I have heard about the tax break you are referring to, but it is more of a steadily decreasing subsidy that only applies to new developments, not existing properties. If the city really wants to increase property values long term, it should permanently decrease the costs associated with owning land in the city. By doing this, the city would more than make up any revenues it thinks it would lose by giving property owners a good deal and in fact would become a magnet for investors across the country.

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By through the looking glasss (anonymous) | Posted January 22, 2009 at 00:04:13

Ha ha ha ha ha take a look at average growth and investment rates during the high-tax post war period and compare average growth and investment rates since the 1970s when taxes started going down. Oops it's the exact opposite of what you're saying but why let the facts get in the way of a good story, eh?

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By A Smith (anonymous) | Posted January 22, 2009 at 00:25:06

TTLG, government involvement in the economy includes taxes, spending and regulations. In the post war period you mention, tax rates were higher, however, domestic spending was much lower than we see today, as were regulations. The net effect is that the government was much less involved in the economy than we see today. This also explains why Bill Clinton had such a great economic record, even though tax rates were almost as low as today.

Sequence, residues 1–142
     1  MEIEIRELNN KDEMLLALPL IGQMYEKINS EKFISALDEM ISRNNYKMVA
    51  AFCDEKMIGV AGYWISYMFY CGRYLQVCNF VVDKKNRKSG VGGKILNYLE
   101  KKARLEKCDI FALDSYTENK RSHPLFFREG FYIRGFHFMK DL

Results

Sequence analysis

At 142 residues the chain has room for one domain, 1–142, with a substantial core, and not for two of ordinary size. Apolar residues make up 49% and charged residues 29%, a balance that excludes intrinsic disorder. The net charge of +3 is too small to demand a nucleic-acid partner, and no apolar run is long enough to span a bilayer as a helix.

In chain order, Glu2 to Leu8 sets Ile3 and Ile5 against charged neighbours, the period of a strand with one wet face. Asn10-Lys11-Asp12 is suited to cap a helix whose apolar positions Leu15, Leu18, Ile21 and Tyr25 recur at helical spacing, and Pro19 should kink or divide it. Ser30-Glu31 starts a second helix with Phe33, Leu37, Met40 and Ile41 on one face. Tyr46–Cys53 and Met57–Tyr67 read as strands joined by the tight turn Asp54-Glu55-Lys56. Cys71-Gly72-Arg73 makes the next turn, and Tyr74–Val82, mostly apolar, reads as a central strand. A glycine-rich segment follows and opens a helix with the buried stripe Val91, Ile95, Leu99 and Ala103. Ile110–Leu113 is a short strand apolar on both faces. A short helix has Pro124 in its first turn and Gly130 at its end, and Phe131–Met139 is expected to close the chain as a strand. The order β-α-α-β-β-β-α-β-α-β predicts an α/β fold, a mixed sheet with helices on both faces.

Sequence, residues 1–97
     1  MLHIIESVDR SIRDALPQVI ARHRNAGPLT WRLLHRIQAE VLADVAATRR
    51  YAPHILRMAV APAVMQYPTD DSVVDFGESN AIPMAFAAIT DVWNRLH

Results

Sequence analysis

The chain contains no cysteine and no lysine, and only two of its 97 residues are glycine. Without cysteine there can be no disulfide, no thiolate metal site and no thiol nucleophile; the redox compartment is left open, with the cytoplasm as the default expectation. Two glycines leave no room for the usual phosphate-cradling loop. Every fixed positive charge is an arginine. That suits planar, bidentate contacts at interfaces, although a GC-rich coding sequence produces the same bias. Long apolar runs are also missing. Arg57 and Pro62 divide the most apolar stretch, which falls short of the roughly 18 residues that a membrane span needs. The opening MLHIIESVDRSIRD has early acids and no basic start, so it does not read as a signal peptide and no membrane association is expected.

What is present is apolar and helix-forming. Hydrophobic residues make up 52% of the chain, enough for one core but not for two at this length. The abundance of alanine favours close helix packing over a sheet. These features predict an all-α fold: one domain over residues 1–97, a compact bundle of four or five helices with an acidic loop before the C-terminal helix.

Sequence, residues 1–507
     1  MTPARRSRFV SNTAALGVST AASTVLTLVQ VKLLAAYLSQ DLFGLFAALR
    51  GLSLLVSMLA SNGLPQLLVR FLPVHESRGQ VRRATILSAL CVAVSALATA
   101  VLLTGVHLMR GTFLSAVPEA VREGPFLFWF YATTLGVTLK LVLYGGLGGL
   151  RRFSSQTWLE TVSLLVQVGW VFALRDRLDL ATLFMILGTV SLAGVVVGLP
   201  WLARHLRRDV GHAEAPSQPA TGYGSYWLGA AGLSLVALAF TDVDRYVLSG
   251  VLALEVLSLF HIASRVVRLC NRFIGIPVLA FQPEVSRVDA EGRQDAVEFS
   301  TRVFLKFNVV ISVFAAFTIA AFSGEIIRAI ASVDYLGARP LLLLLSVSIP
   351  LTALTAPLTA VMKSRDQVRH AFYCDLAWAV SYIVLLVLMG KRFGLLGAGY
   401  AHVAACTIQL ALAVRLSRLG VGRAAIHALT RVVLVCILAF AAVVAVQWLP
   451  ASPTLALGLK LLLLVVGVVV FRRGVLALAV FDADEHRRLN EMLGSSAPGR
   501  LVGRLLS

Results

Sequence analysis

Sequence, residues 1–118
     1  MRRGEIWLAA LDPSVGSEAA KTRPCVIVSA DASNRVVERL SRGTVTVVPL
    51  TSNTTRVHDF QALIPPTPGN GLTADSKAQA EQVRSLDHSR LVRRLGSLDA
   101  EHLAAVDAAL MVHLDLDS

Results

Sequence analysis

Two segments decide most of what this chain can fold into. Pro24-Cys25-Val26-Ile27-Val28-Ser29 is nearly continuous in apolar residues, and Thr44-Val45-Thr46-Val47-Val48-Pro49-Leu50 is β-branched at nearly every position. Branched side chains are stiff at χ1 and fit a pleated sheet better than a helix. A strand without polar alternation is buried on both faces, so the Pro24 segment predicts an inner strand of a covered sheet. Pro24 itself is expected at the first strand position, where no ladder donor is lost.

If you want to cap city spending to population plus inflation then that would be the equivalent of what happened in the post war years. The net effect would be to decrease the role government plays in the economic affairs of the city.

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By A Smith (anonymous) | Posted January 22, 2009 at 00:30:57

TTLG, how do you explain the fact that the government extracted more money by using lower rates? That is my main point with regard to city taxes. I am not arguing about economic growth in this discussion, simply demand for city property. If you increase demand for property, you increase the amount of people with disposable income, which increases the amount of shops, restaurants and traffic in the area. Please address my point regarding lower tax rates and increased tax revenues if you can.

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By jason (registered) | Posted January 22, 2009 at 08:32:30

I think we're going to start a contest here at RTH to see who can write a blog that can't be hijacked into the 8 billionth discussion on libertarianism or government bashing. Even someone like myself who is no fan of politicians or government can only take so much.

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By Balance (anonymous) | Posted January 22, 2009 at 10:34:33

A Smith, I was talking about property tax rates.

If I have a building building in Hamilton assessed at 500,000 and a tax rate of 1% my property taxes are $5,000.

The exact same building on a property in a GTA community is worth more and therefore assessed more let's say 1,000,000. The tax rate may be 0.5% but at the end of the day the end result is the exact same. The payment of $5,000 in property tax.

Do you get it? Looking simply at the tax rate makes no sense. You are not comparing apples to apples accross communities where values in property vary significantly.

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By A Smith (anonymous) | Posted January 23, 2009 at 18:24:41